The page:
HATS-6b: A Warm Saturn Transiting an Early M Dwarf Star, and a Set of Empirical Relations for Characterizing K and M Dwarf Planet Hosts

Hartman, J. D. and Bayliss, D. and Brahm, R. and Bakos, G. A. and Mancini, L. and Jordan, A. and Penev, K. and Rabus, M. and Zhou, G. ORCID: https://orcid.org/0000-0002-4891-3517 and Butler, R. P. and Espinoza, N. and de Val-Borro, M. and Bhatti, W. and Csubry, Z. and Ciceri, S. and Henning, T. and Schmidt, B. and Arriagada, P. and Shectman, S. and Crane, J. and Thompson, I. and Suc, V. and Csak, B. and Tan, T. G. and Noyes, R. W. and Lazar, J. and Papp, I. and Sari, P. (2015) HATS-6b: A Warm Saturn Transiting an Early M Dwarf Star, and a Set of Empirical Relations for Characterizing K and M Dwarf Planet Hosts. The Astronomical Journal, 149 (5):166. pp. 1-20. ISSN 0004-6256

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Abstract

We report the discovery by the HATSouth survey of HATS-6b, an extrasolar planet transiting a V = 15.2 mag, i = 13.7 mag M1V star with a mass of 0.57 and a radius of 0.57 . HATS-6b has a period of P = 3.3253 d, mass of = 0.32 , radius of = 1.00 , and zero-albedo equilibrium temperature of = 712.8 ±5.1 K. HATS-6 is one of the lowest mass stars known to host a close-in gas giant planet, and its transits are among the deepest of any known transiting planet system. We discuss the follow-up opportunities afforded by this system, noting that despite the faintness of the host star, it is expected to have the highest K-band S/N transmission spectrum among known gas giant planets with K. In order to characterize the star we present a new set of empirical relations between the density, radius, mass, bolometric magnitude, and V-, J-, H- and K-band bolometric corrections for main sequence stars with , or spectral types later than K5. These relations are calibrated using eclipsing binary components as well as members of resolved binary systems. We account for intrinsic scatter in the relations in a self-consistent manner. We show that from the transit-based stellar density alone it is possible to measure the mass and radius of a ∼0.6 star to ∼7 and ∼2% precision, respectively. Incorporating additional information, such as the color, or an absolute magnitude, allows the precision to be improved by up to a factor of two.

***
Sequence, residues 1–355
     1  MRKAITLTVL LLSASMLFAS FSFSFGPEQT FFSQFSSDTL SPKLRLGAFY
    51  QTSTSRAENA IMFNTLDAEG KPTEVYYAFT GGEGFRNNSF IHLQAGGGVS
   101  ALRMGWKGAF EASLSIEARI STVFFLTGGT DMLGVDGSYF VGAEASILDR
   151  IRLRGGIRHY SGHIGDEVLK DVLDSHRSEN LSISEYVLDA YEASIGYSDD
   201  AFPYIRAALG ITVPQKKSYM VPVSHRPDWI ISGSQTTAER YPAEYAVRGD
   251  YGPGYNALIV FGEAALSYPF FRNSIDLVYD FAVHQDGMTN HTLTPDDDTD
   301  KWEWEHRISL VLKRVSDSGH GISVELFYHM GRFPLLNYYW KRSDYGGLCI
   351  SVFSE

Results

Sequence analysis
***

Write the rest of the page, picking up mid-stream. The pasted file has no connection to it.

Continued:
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Item Type: Article (Commonwealth Reporting Category C)
Refereed: Yes
Item Status: Live Archive
Faculty/School / Institute/Centre: No Faculty
Faculty/School / Institute/Centre: No Faculty
Date Deposited: 31 Jan 2022 22:27
Last Modified: 31 Jan 2022 22:27
Uncontrolled Keywords: planetary systems; stars: individual: HATS-6; techniques: photometric; techniques: spectroscopic; Astrophysics - Earth; Planetary Astrophysics; Astrophysics - Solar and Stellar Astrophysics
Fields of Research (2008): 02 Physical Sciences > 0201 Astronomical and Space Sciences > 020110 Stellar Astronomy and Planetary Systems
Fields of Research (2020): 51 PHYSICAL SCIENCES > 5101 Astronomical sciences > 510109 Stellar astronomy and planetary systems
Socio-Economic Objectives (2008): E Expanding Knowledge > 97 Expanding Knowledge > 970102 Expanding Knowledge in the Physical Sciences
Socio-Economic Objectives (2020): 28 EXPANDING KNOWLEDGE > 2801 Expanding knowledge > 280120 Expanding knowledge in the physical sciences
Identification Number or DOI: https://doi.org/10.1088/0004-6256/149/5/166
URI: http://eprints.usq.edu.au/id/eprint/44991

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